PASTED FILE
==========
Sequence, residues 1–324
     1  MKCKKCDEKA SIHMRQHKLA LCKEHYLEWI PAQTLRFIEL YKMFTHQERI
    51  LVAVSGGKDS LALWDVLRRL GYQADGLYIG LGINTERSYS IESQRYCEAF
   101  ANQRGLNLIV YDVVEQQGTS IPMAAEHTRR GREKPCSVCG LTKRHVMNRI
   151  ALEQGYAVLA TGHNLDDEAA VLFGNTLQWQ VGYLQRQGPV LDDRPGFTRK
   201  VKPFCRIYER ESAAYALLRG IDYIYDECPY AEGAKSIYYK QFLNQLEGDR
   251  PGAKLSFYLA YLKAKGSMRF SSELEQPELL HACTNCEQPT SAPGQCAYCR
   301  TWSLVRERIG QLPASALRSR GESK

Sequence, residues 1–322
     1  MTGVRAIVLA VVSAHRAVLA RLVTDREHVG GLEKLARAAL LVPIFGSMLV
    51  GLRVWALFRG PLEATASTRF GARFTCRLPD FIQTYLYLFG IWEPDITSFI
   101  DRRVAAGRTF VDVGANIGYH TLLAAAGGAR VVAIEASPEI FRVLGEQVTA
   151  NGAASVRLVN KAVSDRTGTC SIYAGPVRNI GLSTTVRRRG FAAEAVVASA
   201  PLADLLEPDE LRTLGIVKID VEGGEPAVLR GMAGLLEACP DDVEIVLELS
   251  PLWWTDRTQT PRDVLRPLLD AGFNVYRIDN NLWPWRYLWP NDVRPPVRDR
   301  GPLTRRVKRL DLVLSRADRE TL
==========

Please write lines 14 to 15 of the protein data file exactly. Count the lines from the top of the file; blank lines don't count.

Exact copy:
   201  PLADLLEPDE LRTLGIVKID VEGGEPAVLR GMAGLLEACP DDVEIVLELS
   251  PLWWTDRTQT PRDVLRPLLD AGFNVYRIDN NLWPWRYLWP NDVRPPVRDR